Auckland Transport (AT) is set to introduce contactless payment options across the city’s buses, trains and ferries within the next 12 months.
Council says the move will enable customers to tag on and off with contactless payments (debit/credit cards, Apple Pay and Google Pay) alongside the current AT HOP card.
The changes will apply to full fare paying adults. Those wanting to access concession discounts such as Tertiary and SuperGold will still need to use their HOP card as normal.
“You won’t need to stress about buying a HOP card, topping it up, or forgetting it. You can just tag on with what you already have in your pocket like in London, New York or Sydney,” said AT Chief Executive, Dean Kimpton.
“It’s going to make paying for public transport as easy and simple as paying for a coffee, as it should be.”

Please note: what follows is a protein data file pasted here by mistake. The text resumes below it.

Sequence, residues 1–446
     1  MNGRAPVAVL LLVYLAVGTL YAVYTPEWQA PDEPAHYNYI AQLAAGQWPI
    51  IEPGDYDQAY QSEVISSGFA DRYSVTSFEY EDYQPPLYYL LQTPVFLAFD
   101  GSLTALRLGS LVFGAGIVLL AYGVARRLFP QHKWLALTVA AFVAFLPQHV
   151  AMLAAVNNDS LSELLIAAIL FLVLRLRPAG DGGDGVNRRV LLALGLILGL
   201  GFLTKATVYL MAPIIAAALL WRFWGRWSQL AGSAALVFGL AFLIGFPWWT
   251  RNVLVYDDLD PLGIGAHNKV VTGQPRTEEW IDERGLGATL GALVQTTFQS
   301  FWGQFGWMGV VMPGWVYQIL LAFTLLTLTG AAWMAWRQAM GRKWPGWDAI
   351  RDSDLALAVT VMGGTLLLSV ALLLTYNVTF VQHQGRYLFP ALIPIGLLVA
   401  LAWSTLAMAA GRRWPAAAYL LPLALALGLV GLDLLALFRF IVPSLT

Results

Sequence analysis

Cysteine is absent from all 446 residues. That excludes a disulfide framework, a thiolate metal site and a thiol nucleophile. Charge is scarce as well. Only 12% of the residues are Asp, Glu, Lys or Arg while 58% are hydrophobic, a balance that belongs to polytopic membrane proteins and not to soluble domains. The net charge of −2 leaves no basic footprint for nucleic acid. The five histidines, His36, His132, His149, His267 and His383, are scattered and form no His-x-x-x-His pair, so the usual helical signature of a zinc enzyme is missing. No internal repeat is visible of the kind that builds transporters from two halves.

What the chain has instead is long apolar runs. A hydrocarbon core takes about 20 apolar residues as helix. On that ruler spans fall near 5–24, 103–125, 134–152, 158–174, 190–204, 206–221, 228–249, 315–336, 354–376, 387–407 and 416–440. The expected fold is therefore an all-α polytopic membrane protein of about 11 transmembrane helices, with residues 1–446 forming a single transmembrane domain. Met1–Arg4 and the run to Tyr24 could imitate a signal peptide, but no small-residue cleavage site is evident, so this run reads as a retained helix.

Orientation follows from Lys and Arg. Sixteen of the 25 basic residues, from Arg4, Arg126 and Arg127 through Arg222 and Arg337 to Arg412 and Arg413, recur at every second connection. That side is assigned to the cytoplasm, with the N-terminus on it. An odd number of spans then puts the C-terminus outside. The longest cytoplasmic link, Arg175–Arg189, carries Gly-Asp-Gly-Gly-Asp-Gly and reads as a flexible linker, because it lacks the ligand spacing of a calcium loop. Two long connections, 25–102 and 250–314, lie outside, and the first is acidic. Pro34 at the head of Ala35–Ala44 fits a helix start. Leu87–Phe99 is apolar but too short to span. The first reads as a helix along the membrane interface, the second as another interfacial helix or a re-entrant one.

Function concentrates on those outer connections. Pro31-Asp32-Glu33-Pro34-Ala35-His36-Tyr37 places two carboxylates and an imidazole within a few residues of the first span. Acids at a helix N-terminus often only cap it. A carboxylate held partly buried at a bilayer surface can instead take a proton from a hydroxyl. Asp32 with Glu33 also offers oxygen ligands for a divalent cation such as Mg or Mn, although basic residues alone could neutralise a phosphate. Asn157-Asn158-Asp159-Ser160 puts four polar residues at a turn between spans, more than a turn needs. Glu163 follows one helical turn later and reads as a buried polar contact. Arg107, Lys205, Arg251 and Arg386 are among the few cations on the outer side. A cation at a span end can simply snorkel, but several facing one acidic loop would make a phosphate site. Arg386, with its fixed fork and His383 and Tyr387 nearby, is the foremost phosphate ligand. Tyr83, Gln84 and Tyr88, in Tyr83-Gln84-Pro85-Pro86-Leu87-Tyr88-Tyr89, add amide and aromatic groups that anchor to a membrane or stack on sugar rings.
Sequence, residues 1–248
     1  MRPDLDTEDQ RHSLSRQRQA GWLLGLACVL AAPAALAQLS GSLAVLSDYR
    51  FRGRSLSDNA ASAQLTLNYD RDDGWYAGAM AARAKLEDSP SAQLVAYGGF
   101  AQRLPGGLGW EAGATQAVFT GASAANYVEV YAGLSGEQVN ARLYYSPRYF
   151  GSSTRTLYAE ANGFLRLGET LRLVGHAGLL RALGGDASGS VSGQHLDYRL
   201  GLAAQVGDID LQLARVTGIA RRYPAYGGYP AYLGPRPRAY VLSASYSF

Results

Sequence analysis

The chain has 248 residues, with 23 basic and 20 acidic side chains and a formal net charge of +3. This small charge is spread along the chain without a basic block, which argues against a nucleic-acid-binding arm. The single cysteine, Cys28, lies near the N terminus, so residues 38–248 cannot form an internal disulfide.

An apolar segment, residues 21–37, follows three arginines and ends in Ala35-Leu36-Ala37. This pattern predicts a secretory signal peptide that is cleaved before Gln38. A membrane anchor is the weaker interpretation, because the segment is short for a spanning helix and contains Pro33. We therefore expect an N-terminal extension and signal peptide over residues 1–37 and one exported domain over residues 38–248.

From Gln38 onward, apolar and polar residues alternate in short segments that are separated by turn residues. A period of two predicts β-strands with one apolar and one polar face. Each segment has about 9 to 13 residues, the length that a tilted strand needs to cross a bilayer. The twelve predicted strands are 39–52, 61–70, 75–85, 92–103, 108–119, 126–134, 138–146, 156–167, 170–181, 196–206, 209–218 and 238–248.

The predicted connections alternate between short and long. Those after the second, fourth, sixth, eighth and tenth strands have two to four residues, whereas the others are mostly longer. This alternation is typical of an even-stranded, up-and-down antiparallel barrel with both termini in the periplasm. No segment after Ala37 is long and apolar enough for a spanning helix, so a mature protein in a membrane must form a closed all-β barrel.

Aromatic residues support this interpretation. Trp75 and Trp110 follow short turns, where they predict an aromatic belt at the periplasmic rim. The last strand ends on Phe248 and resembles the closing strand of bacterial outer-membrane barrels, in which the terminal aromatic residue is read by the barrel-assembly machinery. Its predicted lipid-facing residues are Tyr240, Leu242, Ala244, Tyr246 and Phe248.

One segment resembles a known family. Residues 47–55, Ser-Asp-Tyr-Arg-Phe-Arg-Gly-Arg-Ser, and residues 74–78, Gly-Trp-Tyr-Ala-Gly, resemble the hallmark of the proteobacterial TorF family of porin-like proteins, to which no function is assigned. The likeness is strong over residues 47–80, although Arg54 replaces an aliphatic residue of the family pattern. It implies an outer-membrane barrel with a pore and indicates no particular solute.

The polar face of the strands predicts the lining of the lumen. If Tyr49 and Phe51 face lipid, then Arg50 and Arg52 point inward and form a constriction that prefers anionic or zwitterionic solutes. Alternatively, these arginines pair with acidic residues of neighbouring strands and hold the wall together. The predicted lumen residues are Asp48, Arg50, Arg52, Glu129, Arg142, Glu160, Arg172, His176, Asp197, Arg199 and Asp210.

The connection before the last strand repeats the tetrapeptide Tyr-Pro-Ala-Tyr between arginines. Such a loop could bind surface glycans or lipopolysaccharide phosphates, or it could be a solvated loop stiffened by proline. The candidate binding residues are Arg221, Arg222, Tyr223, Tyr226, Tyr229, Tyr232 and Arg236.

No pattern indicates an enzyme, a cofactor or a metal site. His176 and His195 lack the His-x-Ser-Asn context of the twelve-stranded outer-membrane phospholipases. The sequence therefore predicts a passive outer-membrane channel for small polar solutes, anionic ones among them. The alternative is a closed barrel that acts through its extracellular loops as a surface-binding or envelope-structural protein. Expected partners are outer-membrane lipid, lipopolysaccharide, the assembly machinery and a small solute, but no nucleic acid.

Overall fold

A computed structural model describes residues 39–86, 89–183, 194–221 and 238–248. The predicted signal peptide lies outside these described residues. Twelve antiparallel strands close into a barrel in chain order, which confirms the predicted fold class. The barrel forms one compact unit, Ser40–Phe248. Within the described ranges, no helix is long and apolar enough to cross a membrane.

Mr Kimpton predicts the improvements will lift public transport passenger numbers by between two million and three million trips per year.
“This change is going to make public transport more appealing for more people including tourists, visitors, casual users, and first-time users,” he said.
“I see these improvements which will come in next year, helping to push us past 100 million public transport trips per year in 2024 and that is huge.
“The more people catching public transport, the less emissions, the less traffic, and the easier and safer it is for us to move around our city.”
AT’s Group Manager Digital and Technology Delivery, Chris Creighton says COVID-19 has accelerated the preference for contactless payments.
“Since 2018 there has been a 62 per cent increase in contactless payments. It’s the quickest, easiest way to buy something and it makes perfect sense for public transport.”
Mr Creighton says that there is still a lot of work to do to get the system ready for its launch next year.
“Though the payments will be easy for customers, upgrading our backend system to allow for these payments requires a huge amount of work behind the scenes.
“We have been keeping a close eye on other cities who have already introduced this technology to great success such as London, Sydney and others.”
Council estimates the improvements will cost approximately $23 million.